This map – based on a review of Ordnance Survey maps of 1894-1897 at the British Library – gives a historical overview of the extent of orchards in London in the 1890s, with a noticeable concentration of orchards in South-West London.
Places of retreat
Fruit trees were often planted on the grounds of hospitals, particularly asylums, for example Bethlem in Bromley, Claybury in Hainault, and the orchards in Horton Country Park. In Victorian times and earlier, it was believed that the best way to care for psychiatric patients was to keep them apart from society. Orchards played an important role in providing sanctuary and pastoral tranquillity. The fact that many such asylums have since closed reflects a political and social shift towards “care in the community”. Today orchards again have a role to play for people with mental health problems or learning disabilities, providing horticultural therapy, as they do at St Joseph’s Pastoral Care Centre in Hendon.
Orchards were often planted in the grounds of religious institutions, including convents and monasteries. They provided religious orders with places to reflect and wonder, and helped them be self-sufficient, reducing interaction with the outside world. The Carmelite monastery in Notting Hill is a cloistered order; the nuns still maintain a large fruit orchard and vegetable garden on their grounds, which their website says keep them “supplied with fruit and vegetables throughout the year”. As the number of people joining Catholic orders has diminished in recent years, many of these sites are being sold, putting the orchards at risk from development.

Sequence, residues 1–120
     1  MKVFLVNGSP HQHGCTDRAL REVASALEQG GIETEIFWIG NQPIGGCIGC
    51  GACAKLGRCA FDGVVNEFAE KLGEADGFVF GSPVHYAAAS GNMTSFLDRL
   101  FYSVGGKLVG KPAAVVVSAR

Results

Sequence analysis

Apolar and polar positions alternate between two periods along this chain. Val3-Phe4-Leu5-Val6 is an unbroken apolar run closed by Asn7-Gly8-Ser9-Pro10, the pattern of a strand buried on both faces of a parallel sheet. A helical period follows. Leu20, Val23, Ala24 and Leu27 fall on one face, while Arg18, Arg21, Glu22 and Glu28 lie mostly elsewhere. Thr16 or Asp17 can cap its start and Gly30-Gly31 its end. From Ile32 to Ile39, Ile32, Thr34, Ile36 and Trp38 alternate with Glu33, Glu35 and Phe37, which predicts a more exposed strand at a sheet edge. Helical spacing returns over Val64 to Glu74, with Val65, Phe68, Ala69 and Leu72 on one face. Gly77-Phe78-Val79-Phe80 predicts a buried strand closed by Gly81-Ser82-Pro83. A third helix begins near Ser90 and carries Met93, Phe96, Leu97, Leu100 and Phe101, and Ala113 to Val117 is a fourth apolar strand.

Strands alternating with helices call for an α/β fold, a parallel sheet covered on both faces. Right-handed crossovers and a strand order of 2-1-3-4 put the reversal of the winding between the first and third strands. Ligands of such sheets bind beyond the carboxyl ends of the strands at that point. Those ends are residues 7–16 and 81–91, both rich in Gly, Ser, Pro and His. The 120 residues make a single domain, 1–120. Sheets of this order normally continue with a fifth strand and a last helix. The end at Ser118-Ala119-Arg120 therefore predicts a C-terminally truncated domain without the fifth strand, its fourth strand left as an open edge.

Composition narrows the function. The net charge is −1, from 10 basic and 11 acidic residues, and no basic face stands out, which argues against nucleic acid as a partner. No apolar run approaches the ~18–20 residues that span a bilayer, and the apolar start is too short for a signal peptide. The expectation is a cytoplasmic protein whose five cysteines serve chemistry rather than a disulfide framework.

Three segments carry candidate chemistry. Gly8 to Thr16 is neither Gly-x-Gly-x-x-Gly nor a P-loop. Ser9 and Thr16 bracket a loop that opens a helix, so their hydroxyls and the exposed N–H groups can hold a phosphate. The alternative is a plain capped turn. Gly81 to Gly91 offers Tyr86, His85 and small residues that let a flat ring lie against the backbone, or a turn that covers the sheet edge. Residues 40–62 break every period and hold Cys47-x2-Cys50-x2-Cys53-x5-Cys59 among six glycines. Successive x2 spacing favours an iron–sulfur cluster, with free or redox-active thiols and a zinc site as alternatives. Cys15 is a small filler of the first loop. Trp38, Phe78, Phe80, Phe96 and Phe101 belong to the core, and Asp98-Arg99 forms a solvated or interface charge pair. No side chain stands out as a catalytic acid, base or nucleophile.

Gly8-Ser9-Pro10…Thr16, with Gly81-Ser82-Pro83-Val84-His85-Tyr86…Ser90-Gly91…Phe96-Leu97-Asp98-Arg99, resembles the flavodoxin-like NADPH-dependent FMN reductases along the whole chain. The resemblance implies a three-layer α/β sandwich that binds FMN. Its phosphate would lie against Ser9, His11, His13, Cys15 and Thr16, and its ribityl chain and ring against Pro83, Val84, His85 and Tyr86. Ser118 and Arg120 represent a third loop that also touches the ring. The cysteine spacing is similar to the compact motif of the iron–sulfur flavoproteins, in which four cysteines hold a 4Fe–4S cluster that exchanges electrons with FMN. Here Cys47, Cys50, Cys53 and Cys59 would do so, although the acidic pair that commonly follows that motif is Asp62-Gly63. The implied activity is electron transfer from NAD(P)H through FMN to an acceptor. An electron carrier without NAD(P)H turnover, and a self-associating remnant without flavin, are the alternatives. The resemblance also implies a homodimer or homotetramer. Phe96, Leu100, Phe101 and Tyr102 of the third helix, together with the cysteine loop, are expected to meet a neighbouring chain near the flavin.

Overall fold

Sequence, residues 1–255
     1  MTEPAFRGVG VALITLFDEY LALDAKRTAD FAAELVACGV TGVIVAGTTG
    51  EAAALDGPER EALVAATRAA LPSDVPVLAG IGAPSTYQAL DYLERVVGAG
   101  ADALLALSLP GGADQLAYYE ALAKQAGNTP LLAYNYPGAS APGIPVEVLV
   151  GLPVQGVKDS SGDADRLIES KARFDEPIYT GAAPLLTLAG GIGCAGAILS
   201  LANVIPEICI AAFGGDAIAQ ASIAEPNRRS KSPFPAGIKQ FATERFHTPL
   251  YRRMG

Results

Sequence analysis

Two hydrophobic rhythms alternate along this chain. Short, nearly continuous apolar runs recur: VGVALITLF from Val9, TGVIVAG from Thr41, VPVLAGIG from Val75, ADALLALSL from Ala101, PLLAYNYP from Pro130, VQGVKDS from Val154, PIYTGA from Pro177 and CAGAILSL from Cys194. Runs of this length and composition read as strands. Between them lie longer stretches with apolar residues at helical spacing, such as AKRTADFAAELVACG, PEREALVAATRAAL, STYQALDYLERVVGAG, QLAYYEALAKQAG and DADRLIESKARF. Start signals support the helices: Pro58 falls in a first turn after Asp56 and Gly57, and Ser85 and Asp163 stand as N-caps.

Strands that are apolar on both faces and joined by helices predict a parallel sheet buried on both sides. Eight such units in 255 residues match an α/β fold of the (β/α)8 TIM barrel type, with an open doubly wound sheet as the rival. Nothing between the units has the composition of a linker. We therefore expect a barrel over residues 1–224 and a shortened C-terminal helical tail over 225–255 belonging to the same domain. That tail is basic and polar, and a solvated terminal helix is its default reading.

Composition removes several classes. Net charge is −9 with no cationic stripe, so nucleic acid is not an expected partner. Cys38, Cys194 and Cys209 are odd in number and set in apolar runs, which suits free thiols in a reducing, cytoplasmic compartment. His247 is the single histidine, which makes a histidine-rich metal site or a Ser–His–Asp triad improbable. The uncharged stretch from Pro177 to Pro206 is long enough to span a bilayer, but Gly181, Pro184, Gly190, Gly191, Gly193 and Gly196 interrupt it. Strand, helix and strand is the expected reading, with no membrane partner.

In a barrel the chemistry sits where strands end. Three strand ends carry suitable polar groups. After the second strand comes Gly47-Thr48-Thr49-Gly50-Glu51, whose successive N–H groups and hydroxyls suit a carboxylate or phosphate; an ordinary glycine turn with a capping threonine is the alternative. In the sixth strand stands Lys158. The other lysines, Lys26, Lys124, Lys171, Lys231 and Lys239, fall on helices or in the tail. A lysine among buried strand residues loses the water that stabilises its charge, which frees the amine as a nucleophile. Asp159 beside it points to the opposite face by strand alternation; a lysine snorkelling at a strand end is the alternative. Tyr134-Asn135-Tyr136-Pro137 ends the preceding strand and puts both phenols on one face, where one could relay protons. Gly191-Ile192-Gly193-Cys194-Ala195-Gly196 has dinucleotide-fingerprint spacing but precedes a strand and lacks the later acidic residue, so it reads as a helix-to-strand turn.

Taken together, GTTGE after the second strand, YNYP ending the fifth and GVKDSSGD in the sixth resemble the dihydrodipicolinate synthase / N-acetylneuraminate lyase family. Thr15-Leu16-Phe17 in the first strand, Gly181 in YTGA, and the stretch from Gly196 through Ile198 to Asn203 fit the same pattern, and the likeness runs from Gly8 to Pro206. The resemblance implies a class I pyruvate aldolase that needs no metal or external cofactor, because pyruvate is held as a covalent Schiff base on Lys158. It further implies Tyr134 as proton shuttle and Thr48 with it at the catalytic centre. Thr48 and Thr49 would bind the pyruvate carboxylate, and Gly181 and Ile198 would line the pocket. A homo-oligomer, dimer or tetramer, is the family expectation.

Renewed interest in self-sufficiency
Another important source of urban orchards has been allotments. The allotment movement began in the 19th century, when land was given to the labouring poor so they could grow food. The measure was desperately needed because of rapid industrialisation and the lack of a welfare state. After the First World War, more urban land was made available to assist returning servicemen. With the growth of supermarkets and cheaper food in the 1950s and 60s, allotments became less popular and some fell into disuse. But as history turns full circle, some former allotments in London have been reborn as community orchards, such as Downe community orchard in Bromley and Chinbrook orchard in Lewisham.